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rim BICE: OMAHA, 'WEDNESDAY, ACttl'ST 20, 19)3.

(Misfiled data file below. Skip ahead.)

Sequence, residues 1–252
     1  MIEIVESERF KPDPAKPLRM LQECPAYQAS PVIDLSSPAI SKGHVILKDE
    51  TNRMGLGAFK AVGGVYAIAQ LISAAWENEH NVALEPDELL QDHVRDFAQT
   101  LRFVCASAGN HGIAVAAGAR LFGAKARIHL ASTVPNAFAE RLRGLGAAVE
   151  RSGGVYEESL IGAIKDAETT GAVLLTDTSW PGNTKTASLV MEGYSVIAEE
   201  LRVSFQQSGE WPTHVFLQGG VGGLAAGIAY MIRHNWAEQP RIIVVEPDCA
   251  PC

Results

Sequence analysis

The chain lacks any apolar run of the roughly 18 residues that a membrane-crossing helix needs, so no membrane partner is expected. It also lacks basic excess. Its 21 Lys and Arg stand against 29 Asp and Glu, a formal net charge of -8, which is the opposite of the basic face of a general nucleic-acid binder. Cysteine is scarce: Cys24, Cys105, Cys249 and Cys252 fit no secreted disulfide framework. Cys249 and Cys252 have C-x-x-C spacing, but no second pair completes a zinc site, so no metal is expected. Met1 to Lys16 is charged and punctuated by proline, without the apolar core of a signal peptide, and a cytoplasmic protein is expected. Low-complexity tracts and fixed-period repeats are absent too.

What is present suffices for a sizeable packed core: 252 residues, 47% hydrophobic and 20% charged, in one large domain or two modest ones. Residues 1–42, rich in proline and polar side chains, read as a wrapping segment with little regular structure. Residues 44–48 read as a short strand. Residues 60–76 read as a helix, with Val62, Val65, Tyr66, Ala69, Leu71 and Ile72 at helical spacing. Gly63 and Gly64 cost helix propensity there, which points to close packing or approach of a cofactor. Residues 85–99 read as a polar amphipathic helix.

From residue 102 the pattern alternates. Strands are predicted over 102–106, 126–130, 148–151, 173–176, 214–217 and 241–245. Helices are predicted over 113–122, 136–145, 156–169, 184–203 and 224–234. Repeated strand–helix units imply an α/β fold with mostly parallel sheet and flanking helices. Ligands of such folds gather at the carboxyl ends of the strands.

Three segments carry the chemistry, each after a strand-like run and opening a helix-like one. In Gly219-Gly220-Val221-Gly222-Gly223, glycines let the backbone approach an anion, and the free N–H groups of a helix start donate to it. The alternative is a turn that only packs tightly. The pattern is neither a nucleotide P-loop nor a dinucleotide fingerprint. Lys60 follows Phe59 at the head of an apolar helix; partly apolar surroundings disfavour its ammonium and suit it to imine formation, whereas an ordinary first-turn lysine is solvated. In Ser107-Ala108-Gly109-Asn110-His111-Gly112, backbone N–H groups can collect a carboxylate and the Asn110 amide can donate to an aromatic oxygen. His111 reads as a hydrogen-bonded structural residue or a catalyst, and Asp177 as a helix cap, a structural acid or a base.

Now For Your Autumn Suit,$kirt or Dress Made to Your Special Measure The woman who desires practical help and suggestions. The woman whose figure requires special study. Will have a satisfactory, becoming garment, represent ing the utmost value of her money. You are invited to call. GLYNN DECLARED GOVERNOR Lawful Exeoutive Fending Outcome of Impeaonment Frooeedings. ATTORNEY GENERAL RULES Activities of IHtbI Uubernntorlal CnmpN Center Largely Alton t I3a miii of Thaw nnd Meetlnnr of JlulIillnE Ilunnl. ALBANY, N. Y Autf. 19,-Lieutnant Governor Martin H. Glynn la the lawful chief executive of New York state pend I us the outcome' of the Impeachment pro cecJInifi atfalnst Governor Sulser, ac cording to an official opinion rendered today by Attorney General Thomas Carmody to Secretary of State Mllchell May. Mr. Carmody hold that tlto as sembly Waa within Ha rights In Sniitt tutlnff Impeachment proceeding at an extraordinary nesalott. "When the governor Is Impeachtd by tho assembly," saya the opinion, "all of his power are automatically sUspunled until he has been acquitted or tha Im peachment proceedings dismissed, bv the court of Impeachment. In the meantime tho lieutenant governor act as governor. This Is the plain Intent of tho constitu tion. Any other construction would nullify Its express provisions." Authority at Assembly. With reference to the authority of the assembly to Initiate Impeachment pro' cet dings, the attorney general aaysi "It Is my opinion that If tho assembly was not assembled cither In extraordinary or regular session it might aascmbie lu elf and proceed to the discharge of Its power In this, regard. Otherwise the governor of the state, could prevent th impeachment of' himself and his friends In office of crimes, however great, utter the adjournment of the regular session of the legislature by the simple process of omlttlnsr to call the legislature in ses sion;" The activities of the rival gubernatorial camps during the day centered .laraoW about the escape of Harry K, Tha Irom Mattewan and the meeting .of tno Puolto j Building board to open bide for recon- tiuctlon work In tho capltol. The policy adopted by Mr. Suiter of screening Ms official acta from tho pub- llo was rigidly adhered to today. Principles Laid Down. Attorney Oeneral Carmodya opinion with reference to tho statute of the gov- ernowhlP and the. authority of tho lesla- laturo. lays down these principle; "After the Impeachment of tho gov- fh. Bjia.mhiv. the Dowers and duties of the office devolvo upon the consented and they talked over their dlf lleuttnant govornor unUl tho dUablllty Jrce until they hna reacned tho Cliff shall ceaso I "oUs "The term nmpwehment' U used la thU! "So ,ol won't lake mo baokt" asked connection In Its. ordinary sense and . 8"U!R' . . , . . .,in nt rtmrrri. Mr. Martin said her next sensat on was The Msombly la not precluded from tho exercise of 1U constitutional powers v... ,k. , ot h. I mil tha UirlMla-l" ture of -which. U forms a Prt '.a convened in estraordinary session for otnor pur poses." The attorney gensral find that tha claim that the assembly waa without authority to institute Impeachment pro ceeding at.ah extraordinary session "l clearly baaed upon a misapprehension or tho toatura of tha functions of the as sembly when adopting; and presenting th articles." He addi: "This Is no aenso a legislative unctlon it la judicial.' POSTMASTER GENERAL TO INSIST UPON THE TITLES WASHINGTON. Aug. W.-Indvldual Identity ot the. many ofltciala of tho Post office department waa wiped' out today and henceforth ,o(flclal tltlca alOno will Identity tho ttettda ot dtvWIous. Postmaster Oeneral Burleson haa pro hibited the addressing; ot his subordtn ate as Mr. lirown or Mr. Junes. If Mr, Brown happens to bo the .first assistant postmaster general. Mr. Burle son wanta him addressed as the first as sistant, if Mr, Jonea Is the fourth as sletant, ho wonts Mr, Jonas so ad dretaod, and not aa Mr. Jones. The rule applies even to routine memoranda within the department DEATH RECORD. Tbonias Carraber. MADISON, Nob., Aug. 19.-(Speclul.) Thomas Corraher, a pioneer ot Madison county, la dead 4ter an Illness of less thsa a week of cjiolera morbus. deceased was born In Armagh county. Ireland. May , 1831 He accompanied his parents to America In uso. In Now York City ha was engaged In the mercantile business and afterward settled at Thorn asburg. O. June. 1S66, he was married to Katharine Silk, who survives him. In September, 1SSS, deceased, with his family, moved to Madison county and located on a farm ten miles west of Madison. During his residence on the farm he served one term aa county com missioner ot Madison county. In 1SS8 ho HI' hla farm and took up hla residence In Modi son, where he hod since resided. He if survived by his widow, two sons, Frank of Fremont and Mark of Madlsont four daughters, Mrs, Thomas O'Shea, Madison; Mrs. John Carey, Petersburg! Mrs, Leo Matthews and Miss Helen Car raber, Lincoln. A Horrible leatb may result from diseased lungs. Cure Coughs and Weak, Sore Lungs with Dr. King New Discovery. CQc and 11.00. Fo tale by Beaton Drug Co. Advertisement. AND SIXTEENTH STREETS J SON GYPSIES STOLE RESTORED Frederick irosieau, Kidnaped Seven teen Years Ago, found. IDENTIFIED BY A BIRTHMARK Deserta from llnnil of Momnil nnd Take Itefnicn with Moults, Who Ilepiirt Mntter to Montreal Police. WATKRTOWN, N. Y Aug. 19. Word reached luro today that Frederick Bros- sciui, aged 21, who was kidnaped by hy gypsies nearly seventeen ychrs ago, has boon restored to his parents, Mr. and Mrs. John Brosscau ot Slssmvllle, I N. Y. They had long mourmd him as dead On October 11, 1830, when but 7 year old, young Brosscau left homo to meet ha father nt the edge of the Village. That wan tho last seen of the boy In Station Vlll. About a -week ago, a young mnn do rerttd from u band of Gypsies In tho Canadian 'wilds and took refuge with tho monks of Oka, Whose Isolated monastery Is "forty miles from Montreal. Ho could remember nothing of his history .previous to becoming a member of the band except that ha had been called Fred and that his formor home was In northern New York. Tho presence of tho wanderer was re ported by tho monks to the MUrcal pollco una an aunt of the young rr.nn recognised . his picture In a newspaper, Tho parents were notified Hnd went to Montreal where they positively Identified Brosscau by a birthmark.. He Is hejnn dotalned by tho police ns a witness against aomo of tho gypslca who are under arrest charged with kidnaping. Won't Take Spouse Back, Thrown Into the Pacific Ocean SAN FRANCISCO, Atfe. 19,-"What did your husband do to your asked the desk sergeant of Mrs. II. Martin, when she Inquired at police headquarters today how to got a warrant for his arrest, "H throw me off the cliff Into the ocean," answered tho youns woman, wJl""ut any how ot emotion, ToW Ilt sweater length, Mrs. Martin's f tory was that she wna estranged from J'r husband, but that last night he called ', on the te cphone and asked h,er to tako walk with him on the beach, flho one rPa descent and she was ,,5E"nS, j" tha brrs, at the toot uiiii, Edward Smith, who happened to be tar gaxinr on the. isahds, saw her fall and brought her to shore unhurt. The hua band escaped, Corner Stone of Postoffioe Laid DKNIBON, I Aug.' 10,-(Spclal.)-Tho cornerstone of tho new government post- offico building at this city waa laid yes terday. The exercises wero In charge of tho grand lodge ot Masons ot Iowa. In the evening tho Eaetorn Star tendered a reception to visiting lodgo officers. The following wou tho program: l'anulo ot Maaona to tha federal bulld Itur. Opeoliiir of ceremony by Grand Master V. B. WUltaker. aiuaic. tfervtcA of lnvlntr mrtiAMtAtiA In. n,i Master P. 11. Wlil t bI Vr. ' ' .Address. last Qrand Master Judge W1I- utm JJtuioniBon. Address. ox-Congressman J, p. Conner. Address, Past Master Carl Ji Kuehnlo BLACK HANDER DEMANDS CASH AND A DUTCH LUNCH OGDKN, Utah, Aug. 19,-Itecelpt of a lettor signed with1 a black hand seal and cross bones, threatening his llf unless n.aierlal fees,, a Dutch lunch banquet and $35 In cash waa delivered by Satur day night, was reported to the pollco to night by M. Yousltu, a Japanese funnel living near Ogden. Among tho articles demanded are eight bottles ot beer, two pounds of llmburger cheese, five loaves of bread, seven boxes of crackers and pickles. Members of the Japanese farming nolony wero terrorised by tho receipt of -the letter. CAMPAIGN BEGINS IN THE PROVINCE OF SINALOA . HmiMOSILLQ, Mcx.. Aug, l.-Tho constitutionalists of the stato ot Slnaloa have begun an active campaign, accord ing to official statements hero today, and already have driven tho Huertlntas from Topolobampo and have captured Mocorito, The advance of the Insurgents upon Slnaloa City and Cullacan also was re ported. General Obregou announced that was leaving for the front he L'lianarrB In Cromwell Hank C1H5STO.V. It,, Aug. W.-tSpeolaU deal haa Just 'been dosed by which number of local capitalists have .bought tha utock ot the Cromwell National bank and 'will now soon taka full possession, uui employes aro to be retaineo, APPEAL FORJAPITOL CASE Governor Clark Will Have; Levy Suit Taken Up. STATE WILL WORK QUICKLY II. n. Conter, I.nnR Commercial ainn- nicer of Ionn Telephone Cora pnn, Made Commercial Su perlntendent of Company. (from a Staff Correspondent.) DBS MOINK8. la.. Aug. 19. (Special Telegram.) Governor Clarke announced today -on Immediate appeal would bo tnken In tho case Involving tho levy of a special tnx to provide funds for the enlargement of tho capltol grounds. The decision df Judge Hunter having gone against tho legislature, it Is possible for tho stato to effect a quick appeal and get thematter settled by tho supremo court. H. G. Conger, for forty years local com mercial manager of tho Iowa Telephone company, has been made commercial su perintendent for Iowa to succeed B. A. Clark, who has gone to Omaha. OFFICIALS FEELING ENCOURAGED BY ADYICES FROM L1ND (Continued from Page Ono.) committee, alarmed by tho apparent gravity of tho situation, hurried down to tho White House to ask for a conference with President Wilson. There seemed to be a division of opinion among them as to whether Minister Urrutla communlca' tlon was authorised. Some were strongly Inclined to accept that explanation as given by Foreign Minister uamooa. Charge O'Shaughneaay's dispatch. backed up by Mnd's, served to dispel tho Imprewlon tho first news dispatches had created, nnd tho official vlows switched around to a genoral belief that, while the situation was a delicate one, thero wan hope of some satisfactory conclusion so long na conferences wero continuing between llucrta and Llnd. It was generally understood that, while negotiations wero still ponding, the Mex ican government's request that publica tion of President Wilson's vlewa as pre sented by Llnd be withheld from publi cation, would be respected and that they might not be given out today. They Hee tlir Denial, Senators Lodge and Stono were shown tho following cablegram to Secretary Bryan from Charge O'ShauKhnessy dated last night and received at t a. m. today: "The correspondents havo cabled that Mexican government has stated that Its noto to I.lnd demands that tho united States rocognlzo tho JIuerta government botoro 12 o'clock midnight today or a statement praotloally to that effect. "I brought the matter to the attention of tho minister of foreign affairs ut 10 in. Ho saw the president and Minister Gobernaclon Senor Urrutla, who is .sup posed to have given out the statement. and he authorized me to deny this state ment to my government as having any foundation In fact." Tho senators wore also Shown a mes sage from John Llnd, In which 'ho said: Spent two hours with Hucrta at his suggestion. Very cordial." The message was received at 2:10 a. nv. oday. - - t Tho senators conferred briefly with' President Wilson and as they left tho White House, said they wero satisfied that alarming reports woro not Justified. Thoy still wero hopeful that Mnd's ef forts to brlnff about an amicable Undor- tnndlng would bo successful. Uoth senators wero acquainted with tho contents of Huorta'a noto to tho American government, cabled by Charge O'Bhaughnessy to tho State department Although the tone ot tho note la scorn ful In lta rejection of the American sug gestions, nothing In It related ta an Ul timatum or a demand for recognftlon. TRAINS START VOli SOUTH. Federals Believe Traffic to Chilian- . hua la Restored. EL PA BO, Tex.. Aug, U.-NIno freight and passenger trains are ready to leavo Juarex for tho south late today In a: ef fort toNreach Chihuahua. An escort of 2,000 federal troops will accompany the trains. Telegraphic communication has been restored with Chihuahua, and federal .au thorities believe traftlce ovur the railroad wilt bo uninterrupted. The trains will carry mall and a large quantity of sup plies and ammunition. TWENTY-FIYE ARE DROWNED (Continued from Fago One.) route to tho Suahanna gold field, and Alvan Drake Of Des Moines. The eleven survivors treated In the hos pital are:' II. It Andrews, suffering from shock nnd" exposure. Alvhi Drake, Des Moines, tevercly brulsed. Mrs, Belle Drake, Dea Moines, bruised. Lawronca Ferris, New York, kneo badly bruised. Huns Johnson, third engineer, head cut Pilot McGIIUvray, rib broken and body bruised. Goo rite O'Dell, Kansas, head out Mrs. Peter Olson, Taooma, shock and exposure, not expected to live. voter Olson, xacoma, snocK ana ex posure. C, V. Shaw, Sydney, Australia, head cut Mrs. M. J. Tracy, atawardness, shock and exposure. The State of California is a total loss wth everything aboard, Including cargo. mall and express and personal effects or the passengers. Those who survived es caped with only the clothes they had on when the steamer struck. Many wero In their night robes. Causa or I.o of Lite, The loss ot life was caused more by wreckage than by drowning, ttccordlng to Captain Thomas H. Cann, Jr., wlu was master of the lost ship. Captain Cann said tho upper works of tho State ot California broke up as the vessel went down and many pooplo were caught In the wreckage It waa In this way that Miss Lillian Ward, daughter ot Kdward C. Ward of Seattle, assistant manager ot tha Pacific Coast Steamship company, lost her Ufa. A mast as the upper works were car ried away and struck her as she stood on the deck. She was taken oft In a small boat and later put aboard the Alaska Btoamshlp company's ateamer Jefferson, but died before that vessel arrived here Sunday night. So quickly did tho State ot California sink after It struck the rook that Captain Cann barely had time to run her toward the rocky beaob of Gambler bay before It hit the bottom. Tho wireless operator aboard thu State of California did not have a chance to summon nld. but boats from a cannery put out from shore and assisted tho crew of the wrecked steamer, picking up tho people floating among the wreckage. Two gas boats wero obtained from tho can nery nns ono was sent to Petersburg for aid. while the other headed toward Juneau, meeting the Jcffersorl, which pro ceeded to the scene of the wreck nnd Picked up the survivors. DIGGS IN HIS OWN DEFENSE (Continued from Page pne.) and give public opinion a chance, to die down. Girls In the Office. A few days later she called me up and asked mo why I was still In town. I told her that I had some buildings In construction and that there wero details In connection with them I had to look to. "About a week before we went to ncno, Dlepenbrock, my landlord, told me that tho Janitor ol the building and the policeman on tho beat had complained to him about my taking girls to my fflca "Tho same week I took an automobile ride with Miss Warrington on the Stock ton road. We saw another machine be hind us and 1 told her It was my father with an officer of the Juvenile court. We traveled, fifty miles an hour for some ml Ids nnd loft them. "My father was In town then and I know he was, looking for me. I believed what I told the girl. She said: 'Believe me, you're not golng away and leave mo hero.' " 'Do as you please,' I sold. 'I'm going and I'm going alone. I've got too good a family hero. Pvo got to think of them. I've got lota beforo me In this town and I want this to blow over." Marsha Would Go, Too, "Marsha said no, she'd got to go. too, and Miss Norrls with her. Miss Nnrrla never Would havo gono to Reno, If Miss Warrington hada't Insisted on It from the first "I got th machine," continued Diggs, "and rode around In It nil day, calling up O'Brien's saloon from time to tln.u. " 'That father of yours is a terror,' O'Brien told mo. 'Ho'b running iroUnd hero ltko a maniac. "It's places like this that ruin young men," says he. "I'll have it closed if It takes tho last ctnt I've got." ' "I went Into hiding. What O'tlrien told me, on top ot what Dlpnnbrock had wild, scared me. I told O'Brien I'd heard my father was looking for mo "th a policeman and he said that was truo "Later I learned from my uncle that my father was gone ahd I came out of hiding. Miss Warrington and Miss Nor rls had visited mo at my hotol. "March I met Camlnettl and Mawnall Dlggs, my uncle, with Miss Norrli. and wo talked things over". Miss Norrls sug gested that I leave town. I explained the difficulty Of doing that, aa business men had put several hundred thousand dol lars In contracts In my hands. "My uncle said that I should go homo to my wlfo and quit running around and leavo other women alone. Miss Norrls Insisted that I'd best leave town. My undo told me my wlfo knew all about my affairs." Would Have Been Fired. "Tho next day (Monday) Carnlnettl camo to my hotel and soldi That father ot yours Is a terror, Ho , called mo on tho Phono to ask where you woro and when "I "told "him (t did not 'know he coiled me a liar and told me he'd havo me fired out ot my Job; that I wasn't fit to bo working for the Stats Board of Con ttoL' "Cam. told me his wife had, boen after him; that 8he had told lUm she waa going to Judge Hughes for a warrant! that things had gone far enough. "The Wednesday night before we left for Rono my uncle asked me to go home. Aa I waa entering tho house I mot Camlnettl leaving. He wouldn't apeak to me.. . "I had dlnnor and went down again. Cam. told mo what rny wife had been saying to him. 'You've been a snake to mo for four years,' he soldi aha told hlmj 'now I'm going to ahow you up for a real aerpont. I'm going to cause 'you untold trouble.' "Cam said she hod palled him to tho housa by telephone. Ho said ho was so scared when ho went in that ho hid be hind a door when he saw her coming until ho waa sure she didn't have a gun. "That same night I aaw O'Brien, too. lie told ma that he'd hoard through Marsha Warrington's uncle that her father had said he'd heard she was going with a married man, that he was sua plclous ot mo and that he'd sworn It ho ever found Us togother he'd kill us bdth." The direct examination concluded with out any questions about Uie purchase of tickets to Reno, the trip on tho train or tho three, days In tho Reno bungalow, Coal Mine Strikers Placed Under Arrest VANCOUVER, II. C.. Aug. 19,-John Place, socialist member of the British Columbia Parliament; Arthur Jordn, secretary of tho Nailolmo coal minors' local, and Joo Angclo, leader of the for eign element In the strilto at Nanalmo, wore arrested at Nanalmo last nlghr with forty others Implicated In strike disturb ances. They are charged with taking part in an unlawful assembly. This and flooding of the Western Fuel company's mines today and the discovery ot a pile oi ammunition at Ladyamlth have thrown the district Into a state of great exolte men!" Surrounding the Nanalmo Athlello club, whero WQ miners had gathered to Jlscuss tho terms of tho proposed agreement with the matiagehient of the Jlnglepot mine, 400 soldiers under the command of Colonel Halt barred every avenue of escape and took every man In the building Into us tody. They wero removed In batohts. of ten under guard to the court house, where. they were searched. Those who could be Identified aa having taken part In the disturbances ot last week were arrmutcd, and after having been separated from their companions were marched under a strong bodyguard to the provincial Jail The others Aere liberated. I.eiuou with the Glasgow. Arthur L. Lemon, for some time the manager ot the Midwest Tailors, has Joined forces with and assumed the man agement ot tha Glasgow Tailors. S10 South Fifteenth street, tho ohange being made possible by tho fact that Mr. Fred erick 8. Hanna, proprietor ot tha Glaa gow, intends In the future to devote his time to looking after "tho tntereata of his three establishments located In Omaha, Qrand Island and Fremont. Tho Persistent and Judicious Use ot Newspaper Advertising Is the Road to Business Success. ?! AMERICANS FOR RECOGNITION General Mexican Y. M. C. A. Secre tary Speak of His Work. TELLS FEELING .IN REPUBLIC George I, IlaMcock, Mx-Omahn Mnn, In Cltr Says that Sentiment In Cnpltnl Was for Settlement In Any Ienntble Way. "Americans In Mexico would welcome recognition of the republic by the United States. They have alt along been urging such action by the home government, nnd they were loyally backing Ambassa dor Wilson to that end." This was tho expression ot George I. Babcock, general secretary of Young Men's Christian association work In Mexico, who is on a visit In tho north and reached Omaha yesterday. "Sinco my departure from Mexico, a little over a month ago, much has hap pened In diplomatic channels and I do not feol qualified to speak of tho present crisis," continued Mr. Babcock, "but when I left, feeling was general among Americans that recognition by tho United I part of tho state. States would havo done much toward j "These counties havo precinct orgnnl paclflcatlon. laUona and wo are organizing tho women 'The revolution has progressed so far n every precinct," asserted F. S. Mo hnd with such serious consequences In Bride, state superintendent ot tho loaguo, inony slates, that a general feeling hod "With women voting, wo aro feeling un grown Up to Welcome any plati that wohld usually confident. An example of the settle tho trouble and bring about stable way thoy will vote was recently given at government Judging from papers and uenton, where 118 out of 120 voted against letters from Mexico City, I would say the saloon." that President Huerta has up to tho , ' ZXJTZ ZTZ. pL'"."!:iMANY BANKERS TO MEET ecutlve has In mind now by his reported ultimatum to tho United States, I can not say." Mr. Babcock was In Mexico City at tho time of the battle which resulted event- ually in the death of Madero, tho Young Men's Christian association building bo- lng used aa a fort by followers ot Diaz and wrecked to tho extent of about HO,-, 000. The institution waa enabled to se- oUro funds for rehabilitation ns soon as comparativo peace was brought about In the capital and Is now carrying on Its work as usual though much restricted In many lines. Tho Mexican association secretary tame north on a four months' leave of absence granted by the association following the strenuous period of the overthrow of the Madero regime He will go at once for a throe months' period of study' to Spain to perfect himself In the Castllllan lan guage and Institutions, all of which bear directly upon the work In Mexico, which he feels oontldent will bo resumed under favorable conditions.. Mrs, Ba'jjock, formerly Miss Cora Chaffee of Omaha, will accompany him. Whllo In tho city Mr. and Mrs. Bab cock are guests at the homo of Mr. and Mrs. G. F. Fisher. Mr. Babcock for.uerly was In association work In Omaha, leav ing here eleven years ago to establish tho wcrk in the southern republic. Wet Skirt Causes Short Circuit and Miss Weatly Killed NEW YORK, Aug. 1.-M!ss Morgaret Westly, 21 years old, was killed .today at Edgemeno, L. I., when tho wet skirt of nor bathing1 suit caused a short clrilt with the third rail of the Long Island railroad tracks which sho' waa crossing, to reach her homo. Whllo In the surf, Miss Westley wns taken with a chill and hastily started for her home. She had to cross three tracks, the third rail of each unprotected. Hav ing crossed one track she was about to step between tha third rails of this and the third roll of tho mlddto track when the current leaped to her wet skirt from the live rail of tho tlrst track and dragged her acrOss the rail of the mid dle track, Tho body showed but dlfght burns on tbe elbows and the lo't hand. Depositories Are More Than Doubled WASHINGTON. Aug. 19.-Deposltorlc in whloh the government keeps Its money to pay current expenses havo more than doubled In number since February 1. On that date there were HO depositories In various cities. Today there are 990. Tho Increase Is the direct 'result of an order by Secretary McVeagh that all drafts on government funds be drawn on tho treasury. This necessitated an In creaso in depositories so that the funds would be more easily accessible. Tho $iO,O0O,O0O to bo deposited In the agricultural states this month will fur ther add to tho number of depositories and United states Treasurer Burke ex pects thero may be more than 1,200. Many, however, will only be temporary. ras finish are some of he tfeatures of tho new Tango. Like all Ido Silver Colhu-8 'the Tango has Linocord Unbreakable Buttonholes. Thoy insure retention of the ' original goodness of tjho collar through months of wear. 4 siies-r:2 for 25c. TOR SALE BY- PRAY FOR MEN 50510 SO. I1fT Quarrel Over Money and Shooting Results SALT LAKE CITY, Aug, W.-Whllo eastbound train No. 2 of tho Salt Lake Route was speeding across tho desert today John Bertallo whipped out a re volver nnd fired nt his two companions. Passengers, In a panic, fled into tho other coaches, When the train crow en tered they found George Locchncr and Ocrro Klorndl lying In he aisle, the former mortally wounded. Bortallo was put In the Millard cotinty Jail at Delta, Utah. Tho two wounded men wero brought here. A quarrel over money was said to have caused the shooting. PREDICTION THAT MOST OF ILLINOIS SALOONS MUST GO CHICAGO, Aug 19. With tho thou sands ot women voters, six Illinois coun ties Boon will be added to thirty now with out saloons, officers of tho Anti-Saloon league predicted today. Elections on the liquor question will take place November 6 In seventeen counties In tho southern AT CHICAGO NEXT FRIDAY CHICAGO, Aug. 19.-Moro than 230 bank er nre expected here next Friday to at tend tho .conference recently called by tho , chairman of the currency commission of ( the American Bankers' association to discuss currency legislation now before congress. Clearing house associations of about 200 ' cities will bo represented at tho confer- ence, according to advices received. In addition, the full membership of tho cur- , rency commission of tho American Bank- ers' association Is expected to bo Pres ent Aunt Sally's Advice to Beauty Seekers K. C. F. says; "My skin becomes so greasy every summer, and this so attracts dust and dirt that I hac an awful time keeping my fuce clean looking. Can you suggest anything?" Tno method men tioned In reply to Elolso will overcome this condition. D. N. A, writes: "How can I get rid ot crowsfect and wrinkles about tho mouth corners? Uso a wash lotion prepared by dissolving 1 oz. powdered saxollto in V pt. witch hazel. This tightens tho skin, tendlnir tn i1lRt)prin wrinkles, nnd Its tonic I effect Is more than temporary. j:.ioise saysi -xviy irecK.es aro worse than over this year, made doubly con spicuous by a pallid complexion. Is there any cure?" Ask your, druggist for an ounce of mercolized wax, apply nightly like cold croam, removing In tho morning with warm water. Aa the wax gtadually and harmlessly absorbs the affected cutt- S niy win tno freckles vanisii, if ana younter sain wnicn ap hava a hn.ilthv colnr. Prob ably you will need to continue treatment a week or more Woman's Realm. Ad vertisement ESINOL HEALS ITCHING SKINS Anil Clears Unsightly Complexions. Tho. soothing, healing medication In Reslnol Ointment and Reslnol Soap pene trates every tiny poro of tho skin, clears It of all Impurities, and stops Itching In stantly. Reslnol speedily heals eczema, rashes, ringworm, and other eruptions. and clears away disfiguring pimples and blackheads, oven when other treatments prove worse than useless. Why don't you let Reslnol stop your skin trouble, too? Reslnol Is n phyal clan's prescription which has been used by Other doctors for eighteen years In jthe treatment of all sorta of skin Humors, sores, bolls, wounds, and piles. Vou cuu use Reslnol Ointment and Reslnol Soap freely, with tho perfect assuranco that it contains nothing that could Injuro tho tonderest akin. Rqslnol Is sold by every druggist In the United States. Trial free; Dopt 9-P, Reslnol, Baltimore. Md. rtODO THE WONDER One application will remove that un pleasant odor and atop sweating feet or other parts of the body. Do not deupalr because you have failed to got relief from nostrums, but send SOo for a reg ular dollar nlse bottle. If not satisfied with results In 10 days, on return of bal ance unuied bottle will refund amount paid. Po.'npelan Chem. Co., SOO South Washington Street, Denver, Colo. TANGO Chic and ultra, the Tango, a White Striped Madras Collar, is the very newest of the new among smart IdeVilver Oollstts lis extreme wide front sweep effect Its perfoct fit and solid comfort and Its hoautifnl Mad Thos. Kilpatrick Company 1511 Douglas Street STOCKS THINNING AT HALF PRICE Brooks, Clothier, Pushes The Stick Reducing Idea to . tho Very Limit, Doesn't Want a Summer Suit in the House in a Few "Weeks Prom Npw. "Brooks," tho Clothier In The City Na tional Bank Building at 16th and HarneV streets, employs modern,' progressiva Ideas about "moving" a stock of Spring and Summer Clothing. ' "Brooks," Is one of the very few clothV iers who la willing to let a suit go nt "Half Price" without experiencing a heart pang; Brooks figures the first loss Is tho best: ho doesn't want to see THIS season's clothing on his tables' NEXT season; he is making over? possible 'ef fort to avert such a happening. THAT'S tho reason "Brooks" has created nothing short of a sensation In clothing circles by continuously 6fferlhg 120 suits at 10; $25 suits at H2.60; suits nt CIS; 33 suits at 17.E0 and $40 suits nt $20. And his Hats, Furnishings, etc., are ga ins at the same apparently reckless pro portion of reduction; It may all seem un businesslike, but Brooks' way generally wins out t "No summer stocks for mo In winter; I prefer putting tho money In NEW winter goods," says Brooks. And thero you aro. Crowns the Day's Work Thore's nothing as re freshing as LUX US after a hard day's workl It Tests the tired hody and overtaxed nerves. Always havo a case in. the cellar, that yoi may have a glass on coming home. Browed and bottled by Fred Krug Browing Co. i Phone your order today to Consumers' Distributors Luxus Mercantile Go. 109-11 North 16th St. Douglas 1889. Drawn For The Bee The beat newspaper artists ot tha coHHtry contribute their beat w"ork for Bee readers. BEAUTIFUL LAKE MANAWA BATHING, new bath h'qase and fine beach BOATING. DANCING, nftcrnoon and evenings. ROLLER SKATING, ROLLER COASTING and many other attractions. ' FREE MOVING PICTURES s i EVERY EVENINQ ' A balloon ascension nt 0i30 p. m. on Sundays. FINE PICNIC GROUNDS Admission To Park Always Free BRANDEIS - TONIGHT Stat. Wed. and Bat Cooled by Xcea Air. xLANG Za THU KUJf AWAYJ Fries si a&e to BOc Xaat Varformanca Saturday tflght. "OHAKA'8 rUK CSHTSX." GLEANING HOUSE THIS WEEK DolUnr up l primrina;; rattlar leadr for conHa of "aXX.B YKOX BTABULirS," .r. bettei than .messary SXA3 AS Ooans TtL, An. 22, 10 A. X. i 4